“Wonder Twins” manages to be, at the same time, a comic one can use to bring new readers to the medium, and a celebration of how comics influenced other media and feeds into its own loop. Great art, great characters, light, and yet relevant… this one is quite the surprise.
Written by Mark Russell
Illustrated by Stephen Byrne
Colored by Stephen Byrne
Lettered by Dave Sharpe
Exiled from their home planet, alien heroes Zan and Jayna must navigate life as teens on Earth at South Metropolis High School, where they’re even bigger outsiders than the typical awkward young adults. Under the watchful eye of Superman, the brother and sister pull monitor duty at the Hall of Justice as interns, while also trying to overcome the pitfalls of Zan’s brash confidence and Jayna’s shy but streetwise persona. If you think you know the Wonder Twins, think again-this book takes the form of the unexpected.
Approaching this mini-series with some trepidation is, perhaps, par for the course for its creative team and overall concepts. Actually, it is part of its own solicits how unexpected “Wonder Twins” could be. Having said that, the biggest surprise of them all is how the story makes readers care and sympathise with Jayna and Zan so effortlessly, by avoiding the unnecessary explanation of part appearances and mediums, and delivering on solid storytelling and a modicum of fan service for its older audience.
A lot of the apparent effortlessness to make these characters compelling comes from how effective Byrne is on portraying them and the situations they are in. If the twins are in the middle of a typical high school facility, or retelling their extra-terrestrial lineage, everything just clicks into place. Facial expressions are excellent, with a heavy dose of comedic infusion. It is impossible not to compare it with the master of expressions, Kevin Maguire, but that should come as a compliment to Byrne and how his storytelling benefits from it. Such precision is not reserved only for the Wonder Twins either: far more established characters of the DC pantheon join on that as well, and the pre-conceived notions readers have on them just adds to the comedy when they are shown behaving so differently from what is expected.
“Wonder Twins” #1 is by no means an action-heavy issue. Sure, there are some instances where it takes center stage, but it works more as contrast than the main course. Regardless, Byrne is also sharp on making those moments fit with the overall aesthetics he is going for. It feels out of place just enough to be shown as outlandish, but close enough to the more mundane aspects of the book.
For all its beautiful art, it is on how light and consistent the plot and narrative by Russell is that steals the show. There are some elements that make “Wonder Twins” one of those issues that simply work, regardless of the odds against it.
First of all, it operates slightly out and above the rules of suspension of disbelief one would come to expect from a big-two comic. What that means is that well-established characters are allowed to almost break the fourth wall, of almost acknowledging the insanity around them. It also lets them breathe a bit more freely, revealing aspects of themselves that other series would not dare touch (the nickname of a certain caped crusader comes to mind).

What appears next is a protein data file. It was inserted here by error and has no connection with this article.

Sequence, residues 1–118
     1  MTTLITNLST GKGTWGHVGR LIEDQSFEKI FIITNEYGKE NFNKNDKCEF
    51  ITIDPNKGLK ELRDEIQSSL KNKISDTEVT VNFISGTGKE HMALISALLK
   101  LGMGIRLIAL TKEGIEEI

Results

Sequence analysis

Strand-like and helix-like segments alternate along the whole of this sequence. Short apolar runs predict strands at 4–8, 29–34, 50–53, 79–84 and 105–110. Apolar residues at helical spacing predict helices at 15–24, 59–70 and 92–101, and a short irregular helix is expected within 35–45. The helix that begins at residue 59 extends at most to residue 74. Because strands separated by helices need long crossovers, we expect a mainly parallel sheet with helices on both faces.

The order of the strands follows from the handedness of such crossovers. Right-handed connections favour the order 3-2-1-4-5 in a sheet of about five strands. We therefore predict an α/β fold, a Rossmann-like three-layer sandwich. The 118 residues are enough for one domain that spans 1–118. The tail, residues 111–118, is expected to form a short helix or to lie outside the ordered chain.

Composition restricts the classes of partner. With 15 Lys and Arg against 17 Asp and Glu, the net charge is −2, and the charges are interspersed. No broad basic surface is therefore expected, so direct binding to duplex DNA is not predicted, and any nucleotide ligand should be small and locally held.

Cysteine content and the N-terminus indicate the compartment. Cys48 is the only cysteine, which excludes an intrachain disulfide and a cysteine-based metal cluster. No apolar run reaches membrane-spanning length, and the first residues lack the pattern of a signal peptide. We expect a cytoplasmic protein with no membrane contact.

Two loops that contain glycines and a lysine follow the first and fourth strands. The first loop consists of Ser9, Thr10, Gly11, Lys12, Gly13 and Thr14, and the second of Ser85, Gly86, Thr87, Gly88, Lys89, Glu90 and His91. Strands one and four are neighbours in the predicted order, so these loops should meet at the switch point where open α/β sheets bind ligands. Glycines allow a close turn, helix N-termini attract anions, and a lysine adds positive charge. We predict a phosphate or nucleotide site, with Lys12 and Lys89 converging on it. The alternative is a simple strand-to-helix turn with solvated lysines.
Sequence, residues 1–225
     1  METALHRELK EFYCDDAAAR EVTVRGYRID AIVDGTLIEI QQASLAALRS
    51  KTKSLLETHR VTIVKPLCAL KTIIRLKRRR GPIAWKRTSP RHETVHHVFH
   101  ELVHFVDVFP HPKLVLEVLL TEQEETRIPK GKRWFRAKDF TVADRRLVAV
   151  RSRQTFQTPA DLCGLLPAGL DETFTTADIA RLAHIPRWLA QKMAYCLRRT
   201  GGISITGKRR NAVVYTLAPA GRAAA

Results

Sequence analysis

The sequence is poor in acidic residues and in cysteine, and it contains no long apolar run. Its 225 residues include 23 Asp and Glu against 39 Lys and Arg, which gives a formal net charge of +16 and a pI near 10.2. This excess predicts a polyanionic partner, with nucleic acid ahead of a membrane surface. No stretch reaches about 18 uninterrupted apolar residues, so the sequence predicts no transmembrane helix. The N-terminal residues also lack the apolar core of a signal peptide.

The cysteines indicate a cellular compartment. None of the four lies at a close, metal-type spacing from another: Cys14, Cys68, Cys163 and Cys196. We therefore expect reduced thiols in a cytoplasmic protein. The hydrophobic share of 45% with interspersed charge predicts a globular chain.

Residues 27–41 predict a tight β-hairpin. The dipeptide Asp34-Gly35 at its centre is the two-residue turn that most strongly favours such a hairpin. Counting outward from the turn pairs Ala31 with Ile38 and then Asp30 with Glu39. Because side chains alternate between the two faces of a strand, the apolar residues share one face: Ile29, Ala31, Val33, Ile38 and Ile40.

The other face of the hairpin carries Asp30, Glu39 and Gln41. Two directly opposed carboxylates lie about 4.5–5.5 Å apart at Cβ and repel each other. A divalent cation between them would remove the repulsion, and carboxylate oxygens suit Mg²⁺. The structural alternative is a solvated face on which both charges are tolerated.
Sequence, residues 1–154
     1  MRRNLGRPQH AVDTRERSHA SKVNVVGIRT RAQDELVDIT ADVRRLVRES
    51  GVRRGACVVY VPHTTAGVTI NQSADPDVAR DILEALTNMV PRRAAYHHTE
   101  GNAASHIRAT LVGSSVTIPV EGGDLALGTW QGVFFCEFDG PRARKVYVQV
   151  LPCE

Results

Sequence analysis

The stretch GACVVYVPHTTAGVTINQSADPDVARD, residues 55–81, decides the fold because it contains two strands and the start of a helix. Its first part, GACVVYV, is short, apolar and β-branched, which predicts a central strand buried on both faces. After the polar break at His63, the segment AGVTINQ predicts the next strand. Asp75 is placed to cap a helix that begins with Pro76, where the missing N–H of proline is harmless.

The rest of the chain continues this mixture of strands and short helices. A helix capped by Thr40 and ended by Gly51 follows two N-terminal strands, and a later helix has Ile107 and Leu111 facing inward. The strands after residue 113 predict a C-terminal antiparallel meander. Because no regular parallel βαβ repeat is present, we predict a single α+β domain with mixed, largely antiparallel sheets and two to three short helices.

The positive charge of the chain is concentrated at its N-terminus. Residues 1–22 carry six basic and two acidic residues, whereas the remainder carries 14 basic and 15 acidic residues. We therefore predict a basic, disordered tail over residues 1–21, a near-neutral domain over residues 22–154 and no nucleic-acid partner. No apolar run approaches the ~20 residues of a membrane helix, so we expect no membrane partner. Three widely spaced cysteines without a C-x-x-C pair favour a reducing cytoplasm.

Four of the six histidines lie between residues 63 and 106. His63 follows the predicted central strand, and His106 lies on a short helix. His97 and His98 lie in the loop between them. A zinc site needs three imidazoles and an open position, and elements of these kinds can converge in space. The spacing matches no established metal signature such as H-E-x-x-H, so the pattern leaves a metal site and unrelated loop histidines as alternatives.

Second, it does not do all of that on the cost of being trivial. For readers of his “Flintstones” and “Snagglepuss” series, it should be no surprise that Russell is unafraid of touching relevant social topics and situations. And by doing that on an unassuming manner, the writer achieves an open door policy that nothing should be seen as taboo… just as long as it is presented and discussed in an honest way.
Wrapping it all together, it most certainly realizes that the reason why its titular “Wonder Twins” are beloved is because they were created on a separate medium, and on a far-removed real world timing and generation. It is unafraid to poke fun at some of its original DNA (supercomputer indeed!), but it avoids that thin line of being disrespectful to that source material. There is a lot for older fans to appreciate on this first issue, from ‘blink-and-you’ll-miss’ cameos, to generational humor to how certain power sets are limited in strength… but spot-on on excitement.Continued below
All in all, “Wonder Twins” should not work. It uses decades-old characters that failed on every previous attempt of being modernized. It talks about relevant current topics in a offbeat way, it features little in terms of action and yet has a stylized artistic style. And, still… it works on every level. Wonder twin powers activate for sure!
Final Verdict: 8.9 – The adventures of Zana and Jayna are off to an excellent start. If this series remains as true to its concept as its debut issue, it will be sorely missed five issues from now when it wraps.